Mills And Boon- The Andreou Marriage Arrangement

by Helen Bianchin


3.6 out of 5 based on 5 customer ratings
(5 customer reviews)

3.6 out of 5 based on 5 customer ratings
(5 customer reviews)

Description:

Loukas Andreou: a force to be reckoned with in business…and in the bedroom, as rumor has it. The same man who, to Alesha Karsouli’s horror, she must marry according to the terms of her father’s will. Alesha reluctantly concedes to a paper marriage where she and Loukas will fulfill social obligations yet lead separate lives. But Loukas needs more…a wife who is doting in public. And the only way to make that arrangement appear authentic is if she’s his willing bride “in private.”..

184
English
Genre, Romance

About The Author

Helen Bianchin was encouraged by a friend to write her own romance novel and she hasn’t stopped writing since! Helen’s interests include a love of reading, going to the movies, and watching selected television programs. She also enjoys catching up with friends, usually over a long lunch! A lover of animals, especially cats, she owns two beautiful Birmans. Helen lives in Australia with her husband. Their three children and four grandchildren live close by.


Average Reader Rating

3.6 out of 5 based on 5 customer ratings

Reader Reviews

5 reviews for Mills And Boon- The Andreou Marriage Arrangement

  1. 3 out of 5

    “Good Reading”

  2. 4 out of 5

    I really liked this book and have read it four or five times since its publication. The thing that I find interesting about this author’s books is that all of the heroines seem to be domestic abuse victims, to varying degrees. This one was no different. The ex was a scumbag who beat her badly enough to land her in the hospital. Loukas, the new husband, finds out about it while they are being intimate when he feels the scars and the healed broken ribs. The story is very sweet in that you watch the progression of their relationship and the healing of Alecia. I’ve enjoyed everything I’ve read by this author. Perhaps you will enjoy this one too.

  3. 3 out of 5

    This is the first review I have ever written about a book, but I’m doing it because the other reviewers got it WRONG. I do not agree that this book rates 5 stars. Not even close. It was boring. Too tame. Most of the dialogue was internal. I like my romances to have a bit more angst. More passion! More drama! I want the H to be an arrogant ass and act like a jerk so that he can grovel at the end. This story just kind of flowed along ever so gently, and then they are in love? What? And the abusive ex husband? Obviously, he seemed to play a major part in the h’s feelings about her new marriage, but even then the new husband’s dealings with her and her trauma seem to just be sort of “…”. So H ruins the ex financially. It’s all done behind the scenes, and then he tells the h about it when it’s over. Again, no drama. I can sum up this book in one word… “blah”. I have already deleted it from my Kindle. I do not recommend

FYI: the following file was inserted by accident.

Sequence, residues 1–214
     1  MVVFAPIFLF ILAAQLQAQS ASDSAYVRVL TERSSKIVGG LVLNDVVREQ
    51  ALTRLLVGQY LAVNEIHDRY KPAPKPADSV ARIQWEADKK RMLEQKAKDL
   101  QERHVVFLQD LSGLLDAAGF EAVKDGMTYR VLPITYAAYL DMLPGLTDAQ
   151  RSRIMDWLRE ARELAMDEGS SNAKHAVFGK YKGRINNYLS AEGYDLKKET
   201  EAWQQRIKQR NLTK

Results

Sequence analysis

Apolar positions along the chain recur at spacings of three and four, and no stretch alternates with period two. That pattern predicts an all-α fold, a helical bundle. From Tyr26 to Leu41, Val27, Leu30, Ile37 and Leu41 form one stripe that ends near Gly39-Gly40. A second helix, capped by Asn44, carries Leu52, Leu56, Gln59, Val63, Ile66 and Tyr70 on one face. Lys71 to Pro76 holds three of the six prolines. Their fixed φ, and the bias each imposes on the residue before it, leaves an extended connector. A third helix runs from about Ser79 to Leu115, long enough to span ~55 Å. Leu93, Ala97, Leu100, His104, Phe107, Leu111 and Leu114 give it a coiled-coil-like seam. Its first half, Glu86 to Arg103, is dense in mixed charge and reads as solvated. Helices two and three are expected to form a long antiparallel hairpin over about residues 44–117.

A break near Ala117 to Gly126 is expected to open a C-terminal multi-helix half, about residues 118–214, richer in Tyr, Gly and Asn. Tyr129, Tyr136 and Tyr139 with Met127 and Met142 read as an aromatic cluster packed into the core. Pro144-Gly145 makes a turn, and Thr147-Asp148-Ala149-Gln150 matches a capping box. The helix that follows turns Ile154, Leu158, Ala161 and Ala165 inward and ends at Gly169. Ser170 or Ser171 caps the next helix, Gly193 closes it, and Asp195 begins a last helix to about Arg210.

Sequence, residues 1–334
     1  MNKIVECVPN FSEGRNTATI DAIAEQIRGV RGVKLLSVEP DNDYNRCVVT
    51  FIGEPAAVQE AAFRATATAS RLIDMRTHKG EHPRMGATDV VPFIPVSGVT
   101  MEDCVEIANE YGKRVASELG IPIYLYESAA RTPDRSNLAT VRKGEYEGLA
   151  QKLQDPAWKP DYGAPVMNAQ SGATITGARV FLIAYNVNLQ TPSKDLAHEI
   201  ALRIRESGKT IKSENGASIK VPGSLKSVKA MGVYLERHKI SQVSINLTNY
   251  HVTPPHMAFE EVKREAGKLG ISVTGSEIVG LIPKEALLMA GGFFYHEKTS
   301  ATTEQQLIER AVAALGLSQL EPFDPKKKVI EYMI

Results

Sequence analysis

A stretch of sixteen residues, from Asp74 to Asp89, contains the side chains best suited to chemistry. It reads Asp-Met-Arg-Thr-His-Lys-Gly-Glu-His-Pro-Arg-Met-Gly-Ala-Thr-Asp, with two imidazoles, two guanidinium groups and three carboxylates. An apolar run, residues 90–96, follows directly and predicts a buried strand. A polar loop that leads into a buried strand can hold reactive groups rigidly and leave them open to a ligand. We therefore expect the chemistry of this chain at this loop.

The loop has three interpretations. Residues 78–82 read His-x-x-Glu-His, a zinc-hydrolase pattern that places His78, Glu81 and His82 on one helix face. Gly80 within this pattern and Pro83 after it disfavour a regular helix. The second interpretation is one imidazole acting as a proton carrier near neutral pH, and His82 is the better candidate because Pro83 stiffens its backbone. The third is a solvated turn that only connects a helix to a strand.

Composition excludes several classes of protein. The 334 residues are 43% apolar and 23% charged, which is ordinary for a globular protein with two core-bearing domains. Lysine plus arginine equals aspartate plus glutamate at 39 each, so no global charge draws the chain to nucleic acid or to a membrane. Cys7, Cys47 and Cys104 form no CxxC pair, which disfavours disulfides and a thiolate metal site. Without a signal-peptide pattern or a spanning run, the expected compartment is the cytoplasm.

4. 4 out of 5

    This story was enough to make me understand why guys don’t get our fascination with chick lit. Bianchin happens to have written one of my favorite chick lit works, Christmas Marriage Ultimatim, put out in 2004. It’s short, evocative, with beautifully drawn scenes and character–a wide variety of them. Her language is more polished than you’d expect to find in Harlequins these days, and I have to say, whoever converts Harlequins to digital format does an exceptional job. Both books feature uber alpha males and traumatized females. The males must win their heroines’ trust, and that process is the bulk of the book.Comparing the two works, I feel Andreou is less convincing. We don’t get much sense of his personality, other than he’s a busy man with a keen sense of vengeance. He’s in the boardroom or the bedroom, or he’s staring at the lady. The heroines of both books are strong and determined. Bianchin is fond of tossing out ‘sentences’ of descriptive language which have no beginning or end. They make sense only because they follow a previous sentence or question and embellish the action. The overall effect is lush, rich in description, but the action and plot are slow. So, unlike the earlier work, this Bianchin will not likely be one of my frequent rereads. It is lovely to watch the principal characters come together, but their extreme about face doesn’t ring true in the end.

  5. 4 out of 5

    This story was enough to make me understand why guys don’t get our fascination with chick lit. Bianchin happens to have written one of my favorite chick lit works, Christmas Marriage Ultimatim, put out in 2004. It’s short, evocative, with beautifully drawn scenes and character–a wide variety of them. Her language is more polished than you’d expect to find in Harlequins these days, and I have to say, whoever converts Harlequins to digital format does an exceptional job. Both books feature uber alpha males and traumatized females. The males must win their heroines’ trust, and that process is the bulk of the book.Comparing the two works, I feel Andreou is less convincing. We don’t get much sense of his personality, other than he’s a busy man with a keen sense of vengeance. He’s in the boardroom or the bedroom, or he’s staring at the lady. The heroines of both books are strong and determined. Bianchin is fond of tossing out ‘sentences’ of descriptive language which have no beginning or end. They make sense only because they follow a previous sentence or question and embellish the action. The overall effect is lush, rich in description, but the action and plot are slow. So, unlike the earlier work, this Bianchin will not likely be one of my frequent rereads. It is lovely to watch the principal characters come together, but their extreme about face doesn’t ring true in the end.

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